honda.jpgAlso Tuesday, Rep. Mike Honda, D-San Jose, and Rep. Raul Grijalva, D-Ariz., led 33 House members in writing a letter to the Department of Homeland Security to express concerns over the treatment of lesbian, gay, bisexual and transgender immigrants while in Immigration and Customs Enforcement (ICE) custody.

“Detention should almost never be used for vulnerable groups such as LGBT immigrants facing immigration proceedings,” they wrote. “Recent surveys of jails and prisons by the Bureau of Justice Statistics (BJS) found that non-heterosexual detainees experience sexual assault at up to 10 times the rate of heterosexual men. The situation is starker for transgender detainees. According to the BJS survey, one in three will be sexually abused within 12 months in custody.”

The lawmakers asked that DHS and ICE consider an LGBT person’s detention to be “not in the public interest” per the department’s November 2014 enforcement memo, and that they work with LGBT and civil rights groups “to develop additional community-based alternatives to detention.”

Bay Area Reps. Barbara Lee, D-Oakland, and Zoe Lofgren, D-San Jose, were among those signing the letter.

Posted on Tuesday, June 23rd, 2015
Under: Anna Eshoo, campaign finance, Immigration, Mike Honda, U.S. House | No Comments »

Endorsements, pledges in 2016 U.S. Senate race

Candidates in California’s 2016 U.S. Senate race continue to roll out their endorsements and commitments.

Rocky ChávezAssemblyman Rocky Chávez, R-Oceanside, announced Tuesday that he has the endorsements of 22 GOP assemblymemebers including Republican Leader Kristin Olsen.

“Rocky Chávez is the leader we need in Washington,” Olsen, R-Modesto, said in Chávez’s news release. “He has incredible experience in keeping our nation safe as a Marine colonel who served 28 years. He knows how to support our nation’s veterans, having served as California’s Acting Secretary of Veterans Affairs. Finally, he knows the importance of a good education and has fought to improve California’s schools as a member of the state assembly.”

Meanwhile, former California Republican Party Chairman Tom Del Beccaro of Lafayette announced Tuesday that he has taken the “Taxpayer Protection Pledge” offered by Americans for Tax Reform. The pledge commits him to oppose any and all efforts to increase marginal income tax rates for people or businesses, and to oppose any net reduction or elimination of tax deductions and credits unless they’re matched dollar-for-dollar by further reducing tax rates.

Tom Del Beccaro“California has the highest tax, regulations and debt burden of any state in the country,” Del Beccaro said in a news release. “That burden plays into California’s high unemployment rate and leader of poverty in the nation. No sensible candidate for U.S. Senate for California could advocate for even more taxes. I call upon Kamala Harris, Loretta Sanchez, Rocky Chavez, and anyone considering a run, to join me it protecting California tax payers from further tax increases.”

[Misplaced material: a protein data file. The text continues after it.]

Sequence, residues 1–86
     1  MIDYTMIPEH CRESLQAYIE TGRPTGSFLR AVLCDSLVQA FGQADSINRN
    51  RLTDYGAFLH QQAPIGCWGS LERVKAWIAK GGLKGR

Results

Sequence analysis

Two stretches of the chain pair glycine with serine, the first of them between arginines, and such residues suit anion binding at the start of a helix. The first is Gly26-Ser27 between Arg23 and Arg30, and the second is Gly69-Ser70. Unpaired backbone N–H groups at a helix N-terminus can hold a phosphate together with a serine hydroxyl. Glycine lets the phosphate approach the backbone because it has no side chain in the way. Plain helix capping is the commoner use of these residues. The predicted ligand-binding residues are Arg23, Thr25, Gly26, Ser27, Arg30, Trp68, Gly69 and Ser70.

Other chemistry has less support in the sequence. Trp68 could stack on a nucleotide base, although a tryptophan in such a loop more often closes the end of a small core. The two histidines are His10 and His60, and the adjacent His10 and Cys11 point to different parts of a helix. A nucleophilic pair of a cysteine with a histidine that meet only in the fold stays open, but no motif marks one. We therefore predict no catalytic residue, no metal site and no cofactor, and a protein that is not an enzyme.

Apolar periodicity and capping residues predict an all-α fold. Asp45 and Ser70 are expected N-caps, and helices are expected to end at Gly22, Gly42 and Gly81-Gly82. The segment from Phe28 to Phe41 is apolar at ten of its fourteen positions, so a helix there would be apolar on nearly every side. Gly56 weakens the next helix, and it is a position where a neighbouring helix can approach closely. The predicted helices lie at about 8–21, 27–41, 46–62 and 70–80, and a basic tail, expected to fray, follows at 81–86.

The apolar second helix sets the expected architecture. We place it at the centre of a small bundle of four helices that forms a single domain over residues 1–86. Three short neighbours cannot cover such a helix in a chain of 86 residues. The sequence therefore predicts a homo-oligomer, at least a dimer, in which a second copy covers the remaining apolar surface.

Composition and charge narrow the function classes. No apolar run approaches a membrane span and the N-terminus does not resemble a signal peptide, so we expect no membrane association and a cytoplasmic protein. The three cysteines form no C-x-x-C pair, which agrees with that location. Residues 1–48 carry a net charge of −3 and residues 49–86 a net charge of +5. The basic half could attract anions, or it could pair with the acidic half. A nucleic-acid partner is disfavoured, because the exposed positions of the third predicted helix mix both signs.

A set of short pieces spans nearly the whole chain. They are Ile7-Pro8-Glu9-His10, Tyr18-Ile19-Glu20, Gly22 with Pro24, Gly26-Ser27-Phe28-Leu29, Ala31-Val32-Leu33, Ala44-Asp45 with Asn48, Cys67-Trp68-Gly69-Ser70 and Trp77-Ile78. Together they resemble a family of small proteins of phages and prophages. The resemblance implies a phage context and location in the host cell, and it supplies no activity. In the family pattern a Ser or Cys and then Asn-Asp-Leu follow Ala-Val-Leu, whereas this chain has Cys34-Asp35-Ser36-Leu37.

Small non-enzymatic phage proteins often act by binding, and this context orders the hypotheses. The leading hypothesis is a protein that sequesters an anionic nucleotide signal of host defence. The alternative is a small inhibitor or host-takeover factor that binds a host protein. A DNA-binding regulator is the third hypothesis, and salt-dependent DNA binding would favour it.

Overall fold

Del Beccaro favors a flat tax – a single, low rate for everyone, regardless of income – which he says would decrease the size of the IRS while boosting economic activity, creating jobs and reducing poverty. Critics say a flat tax would shift much of the nation’s revenue burden to middle- and lower-income Americans – who already spend a larger percentage of their income on necessities like food, housing and health care – while letting the rich pay far less.

Grover Norquist, president of Americans for Tax Reform, said Del Beccaro “has been a proponent for tax reform from the moment he came on the scene.”

Kamala HarrisAnd the Service Employees International Union California announced Tuesday that the 700,000-member union has endorsed Attorney General Kamala Harris, a Democrat, in this race to succeed U.S. Sen. Barbara Boxer next year. The huge union made its choice in a town-hall process in which all members had a chance to hear from and evaluate candidates’ policies.

“We know she’ll be a tough fighter for working families in Washington, the same way she’s shown courage and commitment to stand up for hard-working Californians as Attorney General,” union president Laphonza Butler said in a news release. “SEIU’s endorsement means our members will put our boots on the ground to deliver votes across California and put our hearts into a winning campaign to put Kamala Harris in the U.S. Senate.”

Posted on Tuesday, June 23rd, 2015
Under: U.S. Senate | 2 Comments »

Pool report from Obama’s DCCC fundraiser

Here’s the White House pool report I just filed from the Democratic Congressional Campaign Committee fundraiser that President Obama headlined, hosted by Tom Steyer and Kat Taylor in San Francisco’s Sea Cliff neighborhood.